Source: Laurie Actman, Viridity Energy
Writer: John Steele

More Innovation and Job News from across Pennsylvania on Keystone Edge

If you're interested in innovation and job news from throughout Pennsylvania, do yourself a favor and check out our sister publication called Keystone Edge. Keystone Edge covers Innovation and Job News from Erie to Easton in its weekly online magazine, which publishes each Thursday and is also available via free subscription here.

City's most involved young professionals imagine Philly's future with city-wide summit

Studies in recent years have revealed that while Philadelphia welcomes up to 50,000 freshman to its colleges and universities every year, less than half remained in the region after graduation. That statistic, in part, is what motivates Young Involved Philadelphia, a comprehensive network of young professionals and student groups producing advocacy campaigns and social events to make Philly a better place to live.

This week, the group opens the State of Young Philly: Imagining Philly's Future summit, a massive, two-week event hosting over 30 partnering organizations for speeches, roundtable discussions and brainstorming sessions to make Philadelphia a more attractive place for young people. The summit will focus on four key areas--Community Engagement and Volunteerism, Government and Leadership, Business and Entrepreneurship, and Arts and Culture--in an effort to "engage, educate and empower" young Philadelphia.

"For the first time since the '50s, the city is gaining population, and although we don't have the newest census data yet, we would venture a guess that this growth is due partly to an increasingly vibrant youth culture," says YIP board chair Claire Robertson-Kraft.

With speakers as varied as former Mayor John Street and the Mural Arts Program's Jane Golden, the summit hopes to gain a wide-reaching perspective that can be gleaned into an agenda ranking priorities and creating concrete deliverables. This agenda will inform an ongoing blog and will serve as YIP's action plan for the coming year. YIP hopes to make the summit an annual event, creating a constant barometer on youth culture in Philadelphia.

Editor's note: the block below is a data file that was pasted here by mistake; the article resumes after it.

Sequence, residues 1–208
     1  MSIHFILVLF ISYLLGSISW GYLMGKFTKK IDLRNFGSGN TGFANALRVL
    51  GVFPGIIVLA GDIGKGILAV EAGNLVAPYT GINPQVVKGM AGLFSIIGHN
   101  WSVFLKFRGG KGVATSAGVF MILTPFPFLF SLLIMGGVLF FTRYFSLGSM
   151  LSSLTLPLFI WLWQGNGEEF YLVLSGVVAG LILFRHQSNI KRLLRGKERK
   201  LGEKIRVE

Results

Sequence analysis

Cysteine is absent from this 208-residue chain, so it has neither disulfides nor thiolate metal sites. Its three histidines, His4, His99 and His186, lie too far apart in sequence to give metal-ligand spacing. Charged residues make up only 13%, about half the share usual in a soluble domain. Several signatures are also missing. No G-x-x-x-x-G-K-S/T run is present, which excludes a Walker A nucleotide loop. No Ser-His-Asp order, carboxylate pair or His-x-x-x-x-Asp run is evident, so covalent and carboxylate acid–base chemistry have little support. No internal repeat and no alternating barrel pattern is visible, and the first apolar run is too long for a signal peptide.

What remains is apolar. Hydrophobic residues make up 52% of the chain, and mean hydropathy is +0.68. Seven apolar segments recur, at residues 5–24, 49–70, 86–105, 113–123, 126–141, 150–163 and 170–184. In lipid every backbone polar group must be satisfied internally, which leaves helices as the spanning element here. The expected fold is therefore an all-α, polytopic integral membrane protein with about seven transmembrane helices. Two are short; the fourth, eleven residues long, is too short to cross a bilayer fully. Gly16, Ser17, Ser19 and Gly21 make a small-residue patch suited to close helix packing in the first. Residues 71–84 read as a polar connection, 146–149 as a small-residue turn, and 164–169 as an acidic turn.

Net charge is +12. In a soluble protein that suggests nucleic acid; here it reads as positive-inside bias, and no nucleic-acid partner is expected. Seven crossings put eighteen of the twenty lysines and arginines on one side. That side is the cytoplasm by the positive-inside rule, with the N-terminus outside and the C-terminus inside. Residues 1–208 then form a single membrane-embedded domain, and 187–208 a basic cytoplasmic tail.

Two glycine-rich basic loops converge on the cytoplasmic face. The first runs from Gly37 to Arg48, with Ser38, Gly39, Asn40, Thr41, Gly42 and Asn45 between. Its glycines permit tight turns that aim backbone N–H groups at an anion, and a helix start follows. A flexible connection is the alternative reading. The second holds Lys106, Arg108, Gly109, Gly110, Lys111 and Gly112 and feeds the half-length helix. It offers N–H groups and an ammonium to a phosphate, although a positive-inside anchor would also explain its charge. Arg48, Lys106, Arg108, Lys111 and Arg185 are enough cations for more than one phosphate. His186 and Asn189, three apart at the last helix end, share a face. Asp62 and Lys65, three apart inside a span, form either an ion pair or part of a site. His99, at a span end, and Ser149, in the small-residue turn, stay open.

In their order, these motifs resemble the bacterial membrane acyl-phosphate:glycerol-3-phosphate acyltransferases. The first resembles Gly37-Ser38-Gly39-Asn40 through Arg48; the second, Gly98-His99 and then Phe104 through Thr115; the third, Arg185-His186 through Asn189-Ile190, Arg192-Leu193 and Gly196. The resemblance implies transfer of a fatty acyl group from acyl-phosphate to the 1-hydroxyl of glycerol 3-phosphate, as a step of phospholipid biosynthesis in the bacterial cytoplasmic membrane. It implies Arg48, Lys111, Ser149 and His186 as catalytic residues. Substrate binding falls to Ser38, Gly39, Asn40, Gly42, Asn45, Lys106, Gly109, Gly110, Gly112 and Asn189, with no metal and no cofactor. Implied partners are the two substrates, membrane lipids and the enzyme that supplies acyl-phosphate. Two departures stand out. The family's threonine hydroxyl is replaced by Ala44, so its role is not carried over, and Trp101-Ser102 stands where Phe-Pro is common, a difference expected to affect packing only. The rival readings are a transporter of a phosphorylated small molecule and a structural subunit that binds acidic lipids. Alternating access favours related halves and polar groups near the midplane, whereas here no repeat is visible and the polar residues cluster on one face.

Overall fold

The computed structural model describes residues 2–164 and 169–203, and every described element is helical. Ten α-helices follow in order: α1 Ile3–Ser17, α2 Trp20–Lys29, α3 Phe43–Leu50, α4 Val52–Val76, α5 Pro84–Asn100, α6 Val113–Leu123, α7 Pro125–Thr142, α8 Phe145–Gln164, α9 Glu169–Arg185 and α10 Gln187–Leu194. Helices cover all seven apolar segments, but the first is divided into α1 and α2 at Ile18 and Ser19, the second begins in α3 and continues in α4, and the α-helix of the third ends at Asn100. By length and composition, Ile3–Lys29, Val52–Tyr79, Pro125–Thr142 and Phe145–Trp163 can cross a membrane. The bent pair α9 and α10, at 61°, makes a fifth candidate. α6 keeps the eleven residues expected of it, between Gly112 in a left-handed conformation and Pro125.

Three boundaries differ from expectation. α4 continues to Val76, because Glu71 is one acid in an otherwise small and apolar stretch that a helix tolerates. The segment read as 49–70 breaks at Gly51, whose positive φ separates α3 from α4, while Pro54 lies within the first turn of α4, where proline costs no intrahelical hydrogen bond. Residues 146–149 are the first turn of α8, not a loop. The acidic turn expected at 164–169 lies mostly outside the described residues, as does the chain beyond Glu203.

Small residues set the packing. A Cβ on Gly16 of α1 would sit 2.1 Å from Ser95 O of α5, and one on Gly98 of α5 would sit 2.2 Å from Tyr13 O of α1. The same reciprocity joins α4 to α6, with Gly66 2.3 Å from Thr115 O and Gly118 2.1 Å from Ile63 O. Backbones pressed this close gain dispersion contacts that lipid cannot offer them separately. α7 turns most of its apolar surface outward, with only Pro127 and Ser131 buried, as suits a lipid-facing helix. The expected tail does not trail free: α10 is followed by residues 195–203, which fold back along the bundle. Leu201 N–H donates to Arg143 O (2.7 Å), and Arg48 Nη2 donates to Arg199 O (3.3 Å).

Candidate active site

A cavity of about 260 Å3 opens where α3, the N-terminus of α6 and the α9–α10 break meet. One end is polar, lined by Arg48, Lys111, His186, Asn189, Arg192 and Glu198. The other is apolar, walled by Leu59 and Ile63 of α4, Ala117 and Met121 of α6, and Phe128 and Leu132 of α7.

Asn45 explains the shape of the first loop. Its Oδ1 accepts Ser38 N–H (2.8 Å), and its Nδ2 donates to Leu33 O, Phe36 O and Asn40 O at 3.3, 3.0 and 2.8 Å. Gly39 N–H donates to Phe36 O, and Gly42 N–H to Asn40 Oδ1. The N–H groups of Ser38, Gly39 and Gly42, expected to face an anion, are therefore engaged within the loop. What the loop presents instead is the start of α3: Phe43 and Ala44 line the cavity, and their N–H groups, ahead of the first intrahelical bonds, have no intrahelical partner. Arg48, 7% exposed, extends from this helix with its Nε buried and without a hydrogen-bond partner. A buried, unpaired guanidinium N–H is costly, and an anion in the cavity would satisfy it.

"The most important thing we hope people take away from the event is a sense of empowerment," says Robertson-Kraft. "As young Philadelphians, we should be organizing, demonstrating our ability to contribute to the debate, and doing more to ensure our voices are heard."

Source: Claire Robertson-Kraft, Young Involved Philadelphia
Writer: John Steele


Delaware's iBio partners with GE to bring plant-based vaccines to the world stage

These days, there is a pill for everything from restless leg syndrome to erectile dysfunction. In fact, the only medicinal plant you hear about is illegal in the U.S.

That's all about to change. With a complete line of plant-based vaccines and antibodies, Newark, Del. pharma company iBio seeks to spread its green-thumb mentality, helping other pharmaceutical companies more efficiently make the switch to plant-based products. This month, the company announced a partnership with GE Healthcare to jointly develop and globally market manufacturing solutions for biopharmaceuticals and vaccines.

"We expect this relationship with GE Healthcare to accelerate and broaden market penetration for our technology through access to GE Healthcare's existing relationships and its skill and experience with project implementation and process development," says Chairman and CEO of iBio Robert B. Kay. "This is another implementation of our model to affiliate and out-source with best-in-class collaborators."

iBio's iBioLaunch model--which provides an easy transition from synthetic manufacturing to a biopharmaceutical system at a lower cost and higher efficiency--is going global. But with their primary research partnership just seven years old, the company felt a partnership with the behemoth GE would allow a smoother transition into the global market. But iBio's brass remains competent that they are delivering a finished product onto the world stage. Move over marijuana, a whole new breed of healing plants should arrive on the scene soon.
 
"We have already done considerable planning and work with GE Healthcare to prepare for implementation of this agreement," says Chief Scientific Officer Dr. Vidadi Yusibov. "Therefore, we expect this relationship to start quickly and continue long after its initial three-year term to provide important results for our collective customers."

Source: Robert Kay, iBio
Writer: John Steele